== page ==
Grant, and the artist Ian Gibson, filled each panel with as many robots as there are household gods. It’s still my favourite imagining of a society filled with intelligent, varied artificial intelligences (and Sam Slade the Robo-Hunter as a Philip-Marlowe-like defender of the human – while vaping with his robot stogie).

The American comics industry started to notice Dredd in the 80s, and invited Grant to write for DC’s Batman. Grant was contemptuous of most American superheroes – “all that magic stuff, complete nonsense”.

But he went for Batman because he was fully human, and scripted him as “a fighter not quite for the poor, but for the underprivileged, or those who couldn’t find justice in any other way”, as Grant says in John MacLaverty’s excellent BBC Scotland documentary Scotland’s Amazing Comic Book Heroes. The doc also shows that Grant got Batman to Scotland in one story, where his adversary was revenging the Highland clearances (perpetrated by Batman’s ancestors).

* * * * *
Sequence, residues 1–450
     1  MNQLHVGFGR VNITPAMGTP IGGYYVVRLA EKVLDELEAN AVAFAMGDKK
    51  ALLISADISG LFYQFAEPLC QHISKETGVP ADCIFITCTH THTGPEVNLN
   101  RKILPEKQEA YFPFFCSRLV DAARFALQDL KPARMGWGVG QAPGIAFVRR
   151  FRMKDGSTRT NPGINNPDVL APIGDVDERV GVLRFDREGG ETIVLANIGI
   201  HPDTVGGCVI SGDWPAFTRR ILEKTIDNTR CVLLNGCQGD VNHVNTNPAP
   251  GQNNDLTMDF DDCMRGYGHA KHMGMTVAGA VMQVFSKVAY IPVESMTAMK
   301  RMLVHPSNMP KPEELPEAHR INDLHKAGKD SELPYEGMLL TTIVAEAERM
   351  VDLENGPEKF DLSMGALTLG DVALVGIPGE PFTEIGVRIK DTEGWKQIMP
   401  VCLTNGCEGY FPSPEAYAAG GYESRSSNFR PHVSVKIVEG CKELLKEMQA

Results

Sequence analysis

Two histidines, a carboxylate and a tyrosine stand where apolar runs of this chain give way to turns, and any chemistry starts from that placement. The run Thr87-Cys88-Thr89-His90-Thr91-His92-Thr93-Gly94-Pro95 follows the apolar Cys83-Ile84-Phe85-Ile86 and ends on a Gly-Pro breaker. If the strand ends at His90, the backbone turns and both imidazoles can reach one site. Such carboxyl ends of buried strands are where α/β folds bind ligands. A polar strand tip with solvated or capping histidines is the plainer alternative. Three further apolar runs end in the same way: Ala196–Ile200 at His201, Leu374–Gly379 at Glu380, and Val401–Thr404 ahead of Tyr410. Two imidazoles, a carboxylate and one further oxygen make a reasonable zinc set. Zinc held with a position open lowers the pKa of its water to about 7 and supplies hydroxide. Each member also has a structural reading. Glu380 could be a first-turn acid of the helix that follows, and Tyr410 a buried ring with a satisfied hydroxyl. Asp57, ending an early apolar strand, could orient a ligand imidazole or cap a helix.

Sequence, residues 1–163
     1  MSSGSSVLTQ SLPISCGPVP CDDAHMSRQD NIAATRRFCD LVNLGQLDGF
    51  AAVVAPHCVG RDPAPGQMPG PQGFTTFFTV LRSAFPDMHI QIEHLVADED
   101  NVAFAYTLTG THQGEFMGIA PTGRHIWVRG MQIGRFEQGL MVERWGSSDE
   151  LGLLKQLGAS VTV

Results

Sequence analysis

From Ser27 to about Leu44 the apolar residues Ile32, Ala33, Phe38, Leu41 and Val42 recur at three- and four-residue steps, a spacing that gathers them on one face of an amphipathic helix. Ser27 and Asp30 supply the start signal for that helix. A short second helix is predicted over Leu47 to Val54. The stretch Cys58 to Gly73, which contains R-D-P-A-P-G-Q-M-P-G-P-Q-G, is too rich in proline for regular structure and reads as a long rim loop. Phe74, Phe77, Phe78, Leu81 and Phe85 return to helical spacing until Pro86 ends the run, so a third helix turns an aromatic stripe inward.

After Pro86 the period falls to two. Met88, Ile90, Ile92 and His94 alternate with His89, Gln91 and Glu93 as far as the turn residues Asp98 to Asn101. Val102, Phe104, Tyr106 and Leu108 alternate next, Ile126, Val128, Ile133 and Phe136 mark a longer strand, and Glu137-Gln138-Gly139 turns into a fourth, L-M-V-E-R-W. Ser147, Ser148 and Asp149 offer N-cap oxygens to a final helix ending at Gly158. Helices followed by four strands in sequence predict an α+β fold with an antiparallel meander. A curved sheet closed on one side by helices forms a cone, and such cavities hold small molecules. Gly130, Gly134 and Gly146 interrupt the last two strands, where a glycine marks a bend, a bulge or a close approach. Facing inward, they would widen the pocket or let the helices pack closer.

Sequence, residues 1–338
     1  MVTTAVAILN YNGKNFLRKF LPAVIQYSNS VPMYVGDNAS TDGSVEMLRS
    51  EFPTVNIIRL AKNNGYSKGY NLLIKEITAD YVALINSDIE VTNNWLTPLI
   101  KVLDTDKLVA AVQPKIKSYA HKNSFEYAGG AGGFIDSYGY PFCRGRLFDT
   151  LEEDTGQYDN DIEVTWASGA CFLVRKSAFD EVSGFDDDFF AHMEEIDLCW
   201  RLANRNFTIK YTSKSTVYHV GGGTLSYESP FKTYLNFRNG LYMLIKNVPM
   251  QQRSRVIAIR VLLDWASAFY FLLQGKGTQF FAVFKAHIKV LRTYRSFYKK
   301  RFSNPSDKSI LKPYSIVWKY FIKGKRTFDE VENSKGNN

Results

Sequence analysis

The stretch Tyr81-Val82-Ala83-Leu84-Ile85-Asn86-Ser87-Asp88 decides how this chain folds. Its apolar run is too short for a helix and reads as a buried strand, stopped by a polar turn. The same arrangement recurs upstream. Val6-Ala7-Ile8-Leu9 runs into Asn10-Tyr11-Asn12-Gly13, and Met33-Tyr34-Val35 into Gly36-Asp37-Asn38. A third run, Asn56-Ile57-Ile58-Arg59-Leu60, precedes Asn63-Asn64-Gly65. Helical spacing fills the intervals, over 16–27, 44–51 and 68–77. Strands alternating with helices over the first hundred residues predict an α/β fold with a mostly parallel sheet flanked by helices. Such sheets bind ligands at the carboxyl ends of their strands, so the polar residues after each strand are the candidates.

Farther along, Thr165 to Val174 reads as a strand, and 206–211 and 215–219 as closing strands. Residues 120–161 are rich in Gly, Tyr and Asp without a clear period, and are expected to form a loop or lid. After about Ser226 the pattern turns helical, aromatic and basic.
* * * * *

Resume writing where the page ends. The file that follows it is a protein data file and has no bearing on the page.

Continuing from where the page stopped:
Grant came to prominence among a generation of comic writers and artists that were, in their own way, a parallel to the post-punk and post-modern experimentation in other artistic fields. As class war bore down on traditional industries in the mid-eighties, I was reading strips like Alan Moore’s V For Vendetta in Warrior magazine: an all-too-convincing rendition of a modern fascist Britain (and which has bequeathed modern protest movements their Guy Fawkes mask).

Moore – whose early scripts Grant picked out of a slush pile at 2000AD, and who wrote The Ballad of Halo Jones for them in the mid-80s – went on to create Watchmen for DC in 1986. This brilliantly embroiled a cast of costumed superheroes in Cold War and Reagan-era corruption and collusion.

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The creative writing giants of the last twenty years of comics, Coatbridge’s Mark Millar and Glasgow’s Grant Morrison, both came up through a 2000AD helmed by Grant. Millar is now a major executive at Netflix, with his prodigious talent for action and superhero franchise feeding their system. Grant Morrison, always more oblique and mercurial, followed Grant’s route of writing off-kilter, fractured versions of familiar US superheros (Batman, Superman, X-Men, Green Lantern).